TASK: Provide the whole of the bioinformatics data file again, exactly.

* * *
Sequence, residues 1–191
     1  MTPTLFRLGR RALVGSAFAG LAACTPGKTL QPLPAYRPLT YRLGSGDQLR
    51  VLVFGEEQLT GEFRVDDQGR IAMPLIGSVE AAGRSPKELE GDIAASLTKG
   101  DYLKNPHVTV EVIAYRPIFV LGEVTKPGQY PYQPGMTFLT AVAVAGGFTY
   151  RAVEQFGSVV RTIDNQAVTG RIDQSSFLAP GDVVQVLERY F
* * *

Sequence, residues 1–191
     1  MTPTLFRLGR RALVGSAFAG LAACTPGKTL QPLPAYRPLT YRLGSGDQLR
    51  VLVFGEEQLT GEFRVDDQGR IAMPLIGSVE AAGRSPKELE GDIAASLTKG
   101  DYLKNPHVTV EVIAYRPIFV LGEVTKPGQY PYQPGMTFLT AVAVAGGFTY
   151  RAVEQFGSVV RTIDNQAVTG RIDQSSFLAP GDVVQVLERY F